The greatest challenges of our age from a European perspective are specified and listed by the European Union or defined by its member countries in the EU context. Socialist and Democratic parties should reconsider the set of principles represented by the EU and upgrade mutual solidarity.
Social Democrats have been defeated in France and Germany in 2017 and lost their positions in government. In Germany, the SPD is expected to take up a position in opposition. Within the context of parliamentary elections the damage sustained by one party can also be explained by the gains of others. However, if a general tendency is identified (as in the case of Social Democracy in Europe), the political offer of that party has to be analysed and measured in relation to its fundamental values. As most of the problems occur in larger, international dimensions, the answers are to be found at similar levels. The EU is one of the most appropriate structures to resolve issues beyond the political and physical scope of singular states.
Commission’s ‘reflection papers’
In 2017 a multitude of innovative ideas emerged concerning the joint actions of European states. The European Commission launched that creative process in March by publishing a White Paper on the Future of Europe followed by five ‘reflection papers’ dealing with defence, the eurozone, the social dimension, globalisation and the EU budget. Jean-Claude Juncker, the President of the European Commission, summarised his attractive proposals in his State of the Union speech to the European Parliament on the 13th of September. President Emmanuel Macron of France spoke at the Sorbonne University in Paris on the 26 September and developed a wide range of groundbreaking reforms in order to make the EU stronger, quicker and more cohesive. The political focal point of all those initiatives was obviously the German parliamentary elections on the 24 September as the position of the future German federal government will represent the “critical mass” for accepting and implementing any action in the EU.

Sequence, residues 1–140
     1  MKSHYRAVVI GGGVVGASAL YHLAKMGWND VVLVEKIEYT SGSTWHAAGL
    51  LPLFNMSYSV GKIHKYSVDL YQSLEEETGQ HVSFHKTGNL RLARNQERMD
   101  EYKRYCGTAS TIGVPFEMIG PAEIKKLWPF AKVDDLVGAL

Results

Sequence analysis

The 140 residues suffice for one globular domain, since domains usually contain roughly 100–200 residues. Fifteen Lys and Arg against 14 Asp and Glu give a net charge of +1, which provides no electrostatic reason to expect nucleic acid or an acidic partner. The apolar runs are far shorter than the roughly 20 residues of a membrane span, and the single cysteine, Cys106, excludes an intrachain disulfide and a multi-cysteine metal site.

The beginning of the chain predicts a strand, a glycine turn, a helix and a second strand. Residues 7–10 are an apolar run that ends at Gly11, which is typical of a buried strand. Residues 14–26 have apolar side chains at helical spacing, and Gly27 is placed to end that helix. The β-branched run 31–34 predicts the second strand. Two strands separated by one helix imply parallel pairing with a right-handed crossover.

In spite of the innovative spirit and novel content of many suggestions, the improvements are limited to the actual integration model and its legal–institutional basement, changing the order of some existing priorities only. Of course, on the formal, organisational side no other strategy would be realistic as any major amendment requires Treaty modifications by unanimity, which would admittedly not be assured. Taking into consideration the situation and interests of the Social Democratic movement, policy changes are still necessary and also possible within the actual margin of manoeuvre of the EU.
Democratic political parties share the same basic values codified by the EU which recall the main concept of modern civic society based on “liberté, égalité, fraternité”. The first two objectives are usually repeated unchanged, but the third one is often replaced today by “solidarity”. In his European Parliament speech Commission President Juncker
claimed for “freedom, equality and the rule of law” as guiding principles of the EU, which was a slightly different interpretation of those ideals. Political actors in Europe strongly believe that our continent is mastering all the three values setting the example for the whole world. However, the three standards together represent one of those “impossible triangles”: at most two of them are feasible at the price of sacrificing the third one. What is the EU’s solution and which aspect has been lost for achieving the other two?
The main result of European integration is “freedom” in many respects, first of all the “four freedoms” followed by several others like the freedom of travelling, studying etc. “Equality” is another great achievement: equal opportunities for and treatment of the member states and citizens (even if both cannot be guaranteed at the same time), of producers and consumers all across the Single Market etc. Obviously “fraternité” has been lost in Europe. A vast economic area of free movement with equal opportunities has been created, but the redistributive effects supporting proportionality and compensating the negative effects of unlimited “freedom” are marginal.
The EU’s model is clearly a liberal one to the maximum extent. It has been successful for the economic development of Europe for a long period. However, in crisis situations more solidarity is required for the losers of globalisation inside and outside our community. Security threats such as terrorism, ‘hybrid wars’, cyberattacks and others demand even more mutual understanding and help. Offering and, at the same time, requiring more solidarity belong to the traditions of the Socialist movement. Questioning the libertarian aspects of integration and promoting alternative ways to increase solidarity within the EU would open new political perspectives for the SPD in Germany and in Europe.